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August 01, 2003 - Image 61

Resource type:
The Detroit Jewish News, 2003-08-01

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hirty years ago Betty
Rosenhaus looked out
of her hotel room win-
dow and saw several
elderly women sweeping their
brooms over the streets of Moscow.
"That's the souvenir I want,"
she told her husband, Mel. And so
began her unique collection of the
humble broom.
Today, more than 50 brooms
from 20 countries and numerous
states stand beside her
Birmingham fireplace and
Charlevoix hearth. "There's never
been a problem taking them
through customs," says Betty.
"What you see is what there is."
Brooms from as far away as
Poland and China, and as near as
Petoskey, are gathered together.
Brooms from Finland, Israel,
Scotland, Japan, even New Guinea,

remind visitors that a tidy abode is
valued in every culture.
Betty, an enthusiastic traveler, is
fascinated by ethnic crafts. "When
you think about it," she says, "a
broom was probably one of the first
handcrafted household tools."
She envisions our ancient ances-
tors tying some twigs together to
sweep out their caves. Today, farm-
ers grow special broomcorn to
make these products.
The corn plants are cut, bundled
and hung to dry in barns. One
unique specimen from Ohio was
woven and tied to a sanded cherry
tree root that serves as the handle.
The result is sculptural art as well
as a utilitarian item.
Betty says she appreciates folk
art, both old and new. She is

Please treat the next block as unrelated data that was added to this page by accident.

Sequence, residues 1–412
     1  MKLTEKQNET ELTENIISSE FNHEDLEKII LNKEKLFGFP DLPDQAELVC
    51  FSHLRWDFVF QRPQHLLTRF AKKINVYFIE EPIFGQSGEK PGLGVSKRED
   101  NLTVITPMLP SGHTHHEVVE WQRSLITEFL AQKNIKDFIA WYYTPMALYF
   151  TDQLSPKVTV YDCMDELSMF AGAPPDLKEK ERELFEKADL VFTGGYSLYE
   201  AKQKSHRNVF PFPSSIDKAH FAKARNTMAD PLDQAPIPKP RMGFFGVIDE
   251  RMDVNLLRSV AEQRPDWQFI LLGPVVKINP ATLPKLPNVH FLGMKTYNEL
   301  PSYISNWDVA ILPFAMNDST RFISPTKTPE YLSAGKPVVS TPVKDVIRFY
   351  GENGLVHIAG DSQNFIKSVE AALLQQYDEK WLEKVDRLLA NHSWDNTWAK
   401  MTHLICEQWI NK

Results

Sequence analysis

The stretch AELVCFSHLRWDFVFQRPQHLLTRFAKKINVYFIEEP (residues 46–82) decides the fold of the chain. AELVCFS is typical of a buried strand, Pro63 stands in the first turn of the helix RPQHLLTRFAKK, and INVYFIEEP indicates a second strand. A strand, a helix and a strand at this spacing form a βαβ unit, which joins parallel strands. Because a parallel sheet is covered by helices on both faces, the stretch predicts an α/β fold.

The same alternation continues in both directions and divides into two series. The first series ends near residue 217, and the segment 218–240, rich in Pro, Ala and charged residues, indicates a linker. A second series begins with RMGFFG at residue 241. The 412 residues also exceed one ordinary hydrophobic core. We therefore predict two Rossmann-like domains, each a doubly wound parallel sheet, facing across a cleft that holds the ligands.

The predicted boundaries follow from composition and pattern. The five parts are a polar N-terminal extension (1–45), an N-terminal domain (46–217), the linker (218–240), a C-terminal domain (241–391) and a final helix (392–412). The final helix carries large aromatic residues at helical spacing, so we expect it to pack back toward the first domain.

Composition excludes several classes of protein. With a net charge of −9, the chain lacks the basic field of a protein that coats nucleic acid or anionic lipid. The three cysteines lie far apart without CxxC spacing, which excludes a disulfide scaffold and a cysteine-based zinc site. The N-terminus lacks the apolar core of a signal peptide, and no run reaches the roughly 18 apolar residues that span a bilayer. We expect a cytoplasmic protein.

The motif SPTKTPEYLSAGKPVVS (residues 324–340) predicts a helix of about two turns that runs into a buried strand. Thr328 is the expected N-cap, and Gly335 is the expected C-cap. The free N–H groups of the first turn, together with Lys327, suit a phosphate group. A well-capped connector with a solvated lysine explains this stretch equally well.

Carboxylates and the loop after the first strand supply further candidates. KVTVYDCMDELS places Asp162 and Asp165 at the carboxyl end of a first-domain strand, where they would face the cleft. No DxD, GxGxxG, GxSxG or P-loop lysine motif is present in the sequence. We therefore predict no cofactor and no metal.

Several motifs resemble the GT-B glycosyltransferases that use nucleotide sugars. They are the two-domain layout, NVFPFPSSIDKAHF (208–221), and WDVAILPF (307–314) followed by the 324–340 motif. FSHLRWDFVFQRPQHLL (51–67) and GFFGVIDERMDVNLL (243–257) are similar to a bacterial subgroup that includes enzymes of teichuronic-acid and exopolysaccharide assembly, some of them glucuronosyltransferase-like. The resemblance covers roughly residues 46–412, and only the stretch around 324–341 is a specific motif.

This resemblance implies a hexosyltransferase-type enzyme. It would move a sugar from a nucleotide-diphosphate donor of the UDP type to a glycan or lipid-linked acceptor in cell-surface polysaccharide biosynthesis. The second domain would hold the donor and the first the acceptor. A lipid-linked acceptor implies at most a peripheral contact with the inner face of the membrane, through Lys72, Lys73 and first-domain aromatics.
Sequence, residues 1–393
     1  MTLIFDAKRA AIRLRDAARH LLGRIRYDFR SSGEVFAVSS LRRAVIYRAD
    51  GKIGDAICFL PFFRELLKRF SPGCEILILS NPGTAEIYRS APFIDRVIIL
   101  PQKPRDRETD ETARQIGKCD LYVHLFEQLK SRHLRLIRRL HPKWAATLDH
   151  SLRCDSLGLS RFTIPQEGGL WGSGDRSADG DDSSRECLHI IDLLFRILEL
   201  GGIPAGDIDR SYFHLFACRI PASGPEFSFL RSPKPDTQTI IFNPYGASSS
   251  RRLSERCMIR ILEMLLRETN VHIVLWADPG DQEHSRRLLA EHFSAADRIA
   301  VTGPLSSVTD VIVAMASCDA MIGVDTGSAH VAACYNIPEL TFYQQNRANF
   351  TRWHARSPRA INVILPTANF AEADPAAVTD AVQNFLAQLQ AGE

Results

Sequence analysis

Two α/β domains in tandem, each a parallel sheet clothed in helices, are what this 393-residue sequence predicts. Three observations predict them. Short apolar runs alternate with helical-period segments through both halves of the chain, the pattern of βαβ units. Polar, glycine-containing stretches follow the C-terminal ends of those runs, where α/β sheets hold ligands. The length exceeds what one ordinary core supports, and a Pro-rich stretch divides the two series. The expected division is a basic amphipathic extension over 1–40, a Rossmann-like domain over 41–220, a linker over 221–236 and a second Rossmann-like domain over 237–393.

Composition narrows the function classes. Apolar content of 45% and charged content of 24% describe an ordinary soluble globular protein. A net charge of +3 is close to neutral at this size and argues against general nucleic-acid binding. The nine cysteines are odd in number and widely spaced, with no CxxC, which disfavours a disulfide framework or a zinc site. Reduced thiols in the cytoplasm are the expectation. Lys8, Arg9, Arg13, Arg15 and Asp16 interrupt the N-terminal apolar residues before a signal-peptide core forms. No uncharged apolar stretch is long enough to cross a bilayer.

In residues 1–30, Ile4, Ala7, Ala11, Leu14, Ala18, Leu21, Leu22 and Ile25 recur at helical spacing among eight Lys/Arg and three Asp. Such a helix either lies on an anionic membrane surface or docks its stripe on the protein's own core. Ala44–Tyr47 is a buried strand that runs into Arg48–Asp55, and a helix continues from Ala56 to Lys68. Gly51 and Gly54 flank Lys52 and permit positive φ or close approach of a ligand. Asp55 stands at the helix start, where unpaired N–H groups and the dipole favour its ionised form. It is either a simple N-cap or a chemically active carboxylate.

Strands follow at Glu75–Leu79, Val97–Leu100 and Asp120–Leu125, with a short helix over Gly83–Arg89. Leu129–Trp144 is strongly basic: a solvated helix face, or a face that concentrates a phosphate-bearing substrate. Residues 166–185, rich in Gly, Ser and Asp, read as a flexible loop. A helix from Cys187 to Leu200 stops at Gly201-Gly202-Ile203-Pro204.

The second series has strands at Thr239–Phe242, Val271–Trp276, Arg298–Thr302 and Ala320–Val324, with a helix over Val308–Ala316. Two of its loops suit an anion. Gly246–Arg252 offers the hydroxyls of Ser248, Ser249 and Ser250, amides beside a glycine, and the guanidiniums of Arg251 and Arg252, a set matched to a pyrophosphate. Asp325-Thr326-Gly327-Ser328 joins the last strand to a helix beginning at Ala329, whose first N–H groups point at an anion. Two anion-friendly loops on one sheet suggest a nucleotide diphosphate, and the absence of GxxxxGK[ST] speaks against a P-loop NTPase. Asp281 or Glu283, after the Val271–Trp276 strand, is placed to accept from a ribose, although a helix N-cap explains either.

intrigued by the designs, the use of
materials and the fact that artists

cannot help themselves in wanting
to express their vision ... no matter
how mundane the object.
She herself is a crafts person.
She knits, does needlepoint and
weaves baskets. "Fibers are my
thing," says Betty.
Her interest in weaving has also
lead to another of her collections,
quill boxes. The Ottawa,
Chippewa and other Great Lakes
and Plains Indian tribes used por-
cupine quills to decorate their
clothing. In the 17th century,
French traders encouraged the
Indians to make quill boxes by
applying them to birch bark. Betty
purchased several from an antique
shop in Harbor Springs. These fas-
cinating floral-design boxes are still
made by Great Lakes tribe mem-
Included among her other col-

lectibles are old Indian moccasins,
European pincushions and World
War I trench art. (Artillery shells,
decorated with designs sculpted by
soldiers while they hid out in
trenches, are called trench art.)
Pocket-watch holders, flat irons
and American flags have also found
a home with Betty. Two of her
flags are quite rare. One is an 1861
"field of stars" flag representing 34
states of the union. Another is an
1876 flag featuring 38 stars.
Betty never deliberately seeks
objects to add to her collectibles,
but enjoys happening upon them.
"Then it's a serendipitous experi-
ence," she says. She admits she's
not quite sure what triggers her
desire to start a certain collection.
"It's something that just creeps up
on you. You can't help yourself."

Betty Rosenhaus stands in front of

a rare "field of stars" flag from

1861. She is surrounded by

collectible brooms, quill boxes,

moccasins and pincushions.

STYLE AT THE JN! • AUGUST 2003 • 1 1

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